As to his Queen some victor Knight of Faëry,
Earning bright spoils for her inchanted dome;
Nor thou disdain, that ere my fame become
A star among the stars of mortal night,
If it indeed may cleave its natal gloom,

Its doubtful promise thus I would unite
With thy beloved name, thou Child of love and light.

2. The toil which stole from thee so many an hour, Is ended, and the fruit is at thy feet! No longer where the woods to frame a bower With interlaced branches mix and meet, Or where with sound like many voices sweet, Water-falls leap among wild islands green, Which framed for my lone boat a lone retreat

Of moss-grown trees and weeds, shall I be seen : Dut beside thee, where still my heart has ever been.

3.
Thoughts of great deeds were mine, dear Friend, when first
The clouds which wrap this world from youth did pass.
I do remember well the hour which burst
My spirit's sleep: a fresh May-dawn it was,
When I walked forth upon the glittering grass,
And wept, I knew not why; until there rose
From the near school-room, voices, that, alas!

Were but one echo from a world of woes-
The harsh and grating strife of tyrants and of foes.

4.
And then I clasped my hands and looked around-
—But none was near to mock my streaming eyes,
Which poured their warm drops on the sunny ground-
So without shame, I spake:-“I will be wise,
And just, and free, and mild, if in me lies
Such power, for I grow weary to behold
The selfish and the strong still tyrannise
Without reproach or check.” I then controuled
My tears, my heart grew calm, and I was meek and bold.

And from that hour did I with earnest thought
Heap knowledge from forbidden mines of lore,
Yet nothing that my tyrants knew or taught
I cared to learn, but from that secret store
Wrought linked armour for my soul, before
It might walk forth to war among mankind;
Thus power and hope were strengthened more and more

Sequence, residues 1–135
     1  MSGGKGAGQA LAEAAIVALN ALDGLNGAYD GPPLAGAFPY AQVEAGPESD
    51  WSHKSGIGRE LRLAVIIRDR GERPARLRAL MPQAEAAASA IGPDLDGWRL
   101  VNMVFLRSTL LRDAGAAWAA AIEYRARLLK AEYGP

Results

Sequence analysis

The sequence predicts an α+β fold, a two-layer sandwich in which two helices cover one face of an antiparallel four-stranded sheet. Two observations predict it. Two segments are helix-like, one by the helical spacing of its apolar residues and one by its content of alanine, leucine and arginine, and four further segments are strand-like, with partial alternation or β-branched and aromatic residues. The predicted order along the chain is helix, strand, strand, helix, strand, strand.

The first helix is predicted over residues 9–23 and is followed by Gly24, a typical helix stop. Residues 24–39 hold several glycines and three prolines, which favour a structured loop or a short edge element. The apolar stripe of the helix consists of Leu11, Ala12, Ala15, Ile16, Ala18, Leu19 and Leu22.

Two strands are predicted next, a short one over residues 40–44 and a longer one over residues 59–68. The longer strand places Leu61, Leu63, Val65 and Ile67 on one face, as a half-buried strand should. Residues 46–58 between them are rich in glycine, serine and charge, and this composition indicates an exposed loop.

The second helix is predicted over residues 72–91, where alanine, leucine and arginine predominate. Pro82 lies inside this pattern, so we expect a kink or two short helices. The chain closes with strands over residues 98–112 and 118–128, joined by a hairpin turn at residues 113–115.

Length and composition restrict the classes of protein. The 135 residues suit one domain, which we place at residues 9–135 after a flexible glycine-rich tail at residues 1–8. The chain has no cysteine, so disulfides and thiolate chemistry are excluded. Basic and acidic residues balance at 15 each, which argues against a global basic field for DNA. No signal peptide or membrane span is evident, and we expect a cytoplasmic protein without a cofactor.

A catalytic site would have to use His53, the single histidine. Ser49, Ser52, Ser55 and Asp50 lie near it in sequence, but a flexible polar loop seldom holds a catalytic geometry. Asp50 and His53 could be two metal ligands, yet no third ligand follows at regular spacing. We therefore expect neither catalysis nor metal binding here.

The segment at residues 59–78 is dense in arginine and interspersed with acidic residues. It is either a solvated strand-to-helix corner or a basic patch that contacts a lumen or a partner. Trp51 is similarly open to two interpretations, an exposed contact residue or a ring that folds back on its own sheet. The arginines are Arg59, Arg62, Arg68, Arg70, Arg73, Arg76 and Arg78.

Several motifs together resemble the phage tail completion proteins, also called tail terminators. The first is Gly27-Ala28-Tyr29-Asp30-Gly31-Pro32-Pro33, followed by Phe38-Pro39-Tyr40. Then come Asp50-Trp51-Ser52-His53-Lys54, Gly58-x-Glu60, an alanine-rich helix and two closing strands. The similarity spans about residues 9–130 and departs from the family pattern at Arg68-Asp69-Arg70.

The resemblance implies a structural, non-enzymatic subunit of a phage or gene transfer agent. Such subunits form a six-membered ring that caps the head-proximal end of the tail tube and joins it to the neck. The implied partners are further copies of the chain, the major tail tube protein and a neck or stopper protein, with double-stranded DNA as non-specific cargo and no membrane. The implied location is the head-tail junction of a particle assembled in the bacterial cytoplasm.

Within me, till there came upon my mind
A sense of loneliness, a thirst with which I pined.

6.
Alas, that love should be a blight and snare
To those who seek all sympathies in one!
Such once I sought in vain; then black despair,
The shadow of a starless night, was thrown
Over the world in which I moved alone :-
Yet never found I one not false to me,
Hard hearts, and cold, like weights of icy stone

Which crushed and withered wine, that could not bo Aught but a lifeless clog, until revived by thee.

7. Thou Friend, whose presence on my wintry heart Fell, like bright Spring upon some herbless plain; How beautiful and calm and free thou wert In thy young wisdom, when the mortal chain Of Custom thou didst burst and rend in twain, And walked as free as light the clouds among, Which many an envious slave then breathed in vain

From his diin dungeon, and my spirit sprung
To meet thee from the woes which had begirt it long.

8.
No more alone through the world's wilderness,
Although I trod the paths of high intent,
I journeyed now: no more companionless,
Where solitude is like despair, I went.-
There is the wisdom of a steru content
When Poverty can blight the just and good,
When Infamy dares mock the innocent,

And cherished friends turn with the multitude
To trample: this was ours, and we unshaken stood !

9.
Now has descended a serener hour,
And with inconstant fortune, friends return;
Tho' suffering leaves the knowledge and the power
Which says :- Let scorn be not repaid with scorn.
And from thy side two gentle babes are born
To fill our home with smiles, and thus are we
Most fortunate beneath life's beaming morn;

And these delights, and thou, have been to me
The parents of the Song I consecrate to thee.

10. Is it, that now my inexperienced fingers But strike the prelude of a loftier strain ? Or, must the lyre on which my spirit lingers Soon pause in silence, ne'er to sound again, Tho' it might shake the Anarch Custom's reign, And charm the minds of men to Truth's own sway Holier than was Amphion's? I would fain

Reply in hope—but I am worn away, And Death and Love are yet contending for their prey.